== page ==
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What To Include In Your Pet First Aid Kit

Guest post by Melanie Monteiro

What if you walked into
your living room to find your pup just chowed down the bowl of
grapes you
D.Taiga bandaged foot accidentally left on the coffee table? What if your kitty is stung by a
bee and her head swells up like a watermelon? In the first moments following an
emergency, your pet’s outcome may depend on your ability to respond swiftly
and properly until you can get her to a vet — and having a well-stocked pet
first aid kit is rule #1.

Most of the items you’ll need
are inexpensive and can be purchased at the drugstore, or you can start
with one of the many ready-made kits available online, then customize as
needed. Once you’ve got all your items, keep everything together in a
brightly colored backpack that you can easily spot at home, quickly grab for day
trips, or pack for longer travel.

Here’s what you’ll need:

  • Phone numbers of pet’s
    regular vet, after-hours emergency vet, ASPCA Poison Hotline (888-426-4435),
    pets’ microchip # and microchip company hotline
  • Pet first aid guide such
    a The Safe Dog Handbook or Pets
  • Hydrogen Peroxide 3% USP
    (to induce vomiting under a vet’s guidance only)

  • Commercial muzzle (for
    cats or snub-nosed dogs) or strip of fabric 24-36 inches long, for muzzling
    when treating pets in extreme pain (**NEVER muzzle a pet that’s vomiting, has
    difficulty breathing or has throat/neck/head injury)
  • Oral syringe
  • Tweezers or needle nose
  • Styptic powder/cotton
  • Diphenhydramine
    antihistamine such as Benadryl (for use under a vet’s guidance only)
  • Saline eye wash
  • Latex-free gloves
  • Pediatric rectal
    thermometer and water-based lubricant
  • Epsom salts (to make
    larger batch of saline solution to rinse wounds)
  • Can of pop-top chicken
    broth or tuna in water (to dilute oral burns/irritations, or as base to get pet to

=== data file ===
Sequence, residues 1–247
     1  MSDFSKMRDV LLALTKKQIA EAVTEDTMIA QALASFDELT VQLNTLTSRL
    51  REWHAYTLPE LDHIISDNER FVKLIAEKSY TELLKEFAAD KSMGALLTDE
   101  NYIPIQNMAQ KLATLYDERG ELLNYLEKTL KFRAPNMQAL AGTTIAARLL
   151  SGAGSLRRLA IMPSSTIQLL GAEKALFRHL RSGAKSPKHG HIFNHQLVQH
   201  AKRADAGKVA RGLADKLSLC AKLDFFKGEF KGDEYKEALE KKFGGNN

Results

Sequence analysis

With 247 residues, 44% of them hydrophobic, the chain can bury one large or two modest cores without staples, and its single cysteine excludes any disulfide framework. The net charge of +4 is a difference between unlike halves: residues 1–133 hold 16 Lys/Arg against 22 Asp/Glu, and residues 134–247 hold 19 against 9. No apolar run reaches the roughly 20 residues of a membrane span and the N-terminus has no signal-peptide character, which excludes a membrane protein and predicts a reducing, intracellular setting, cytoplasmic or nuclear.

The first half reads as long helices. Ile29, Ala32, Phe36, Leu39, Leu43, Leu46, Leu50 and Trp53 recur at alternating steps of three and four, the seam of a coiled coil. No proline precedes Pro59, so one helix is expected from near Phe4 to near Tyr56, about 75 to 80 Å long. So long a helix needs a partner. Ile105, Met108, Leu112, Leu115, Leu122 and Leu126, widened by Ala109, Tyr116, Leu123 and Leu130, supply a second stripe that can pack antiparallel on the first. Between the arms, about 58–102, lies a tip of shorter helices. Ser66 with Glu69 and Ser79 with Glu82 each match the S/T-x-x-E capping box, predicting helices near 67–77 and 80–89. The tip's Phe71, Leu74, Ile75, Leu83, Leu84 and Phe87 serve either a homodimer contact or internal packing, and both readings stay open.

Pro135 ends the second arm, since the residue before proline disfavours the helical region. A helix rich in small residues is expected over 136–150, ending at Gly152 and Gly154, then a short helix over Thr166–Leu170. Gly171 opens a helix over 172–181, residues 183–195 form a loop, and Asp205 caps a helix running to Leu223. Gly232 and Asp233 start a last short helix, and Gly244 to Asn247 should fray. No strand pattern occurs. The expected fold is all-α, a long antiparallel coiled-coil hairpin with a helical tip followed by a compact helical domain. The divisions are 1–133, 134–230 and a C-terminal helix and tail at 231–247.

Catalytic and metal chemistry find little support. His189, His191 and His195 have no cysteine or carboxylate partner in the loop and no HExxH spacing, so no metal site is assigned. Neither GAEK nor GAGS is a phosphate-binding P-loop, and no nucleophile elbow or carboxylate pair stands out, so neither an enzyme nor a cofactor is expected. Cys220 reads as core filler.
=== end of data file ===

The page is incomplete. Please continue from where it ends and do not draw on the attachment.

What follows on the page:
drink hydrogen peroxide when vomiting is indicated by a vet.)
  • Spare leash
  • Cut and wound care items to pout in your first aid kit include:

    • Hand sanitizer
    • Antiseptic
      (povidone-iodine) solution, such as Betadine
    • Flexi-wrap (self sticking
      elastic bandage roll or Ace)
    • Antibiotic ointment such as
    • Stretchable gauze
    • Gauze pads/ non-stick
    • Non-scented sanitary pad
      (for heavily bleeding wounds)
    • Clean cotton sock/t-shirt
      (for quick-wrapping wounds)
    • First aid adhesive tape
    • Blunt scissors and smaller
      sharp scissors for clipping hair
    • Duct tape

    Also, make sure you always keep a blanket/large
    towel, fresh water, treats and dish in your car. Naturally, having a pet
    first aid kit won’t do much good if you don’t know how and when to use the items it
    contains – so be sure to get pet first aid training! Look for a class
    through your local Red Cross, ask your local humane society, or check
    out the instructor list at pettech.net,

    Author photoWe all know accidents can
    happen at anytime or anywhere. So tell us … do you already have a pet first
    aid kit, or will you plan to put one together soon?

    Bio: Melanie Monteiro is a dog
    safety & lifestyle expert, pet first aid instructor, writer and author
    of The Safe Dog Handbook 
    the acclaimed manual inspired by her adventures with Taiga, the world's most
    accident-prone puppy. 

     Editor's Note: Melanie was a guest on #BlogPawsChat on Twitter last week where she answered questions about pet safety and pet first aid kits. On Tuesday, July 30, #BlogPawsChat will be welcoming Dr. Jason Nicholas @preventivevet of The Preventive Vet. He will be tweeting about stroke awareness
    & prevention. Perfect timing as July 31st is National Heat Stroke
    Awareness day. The #BlogPawsChat is on Twitter from 8-10 pm EST. 

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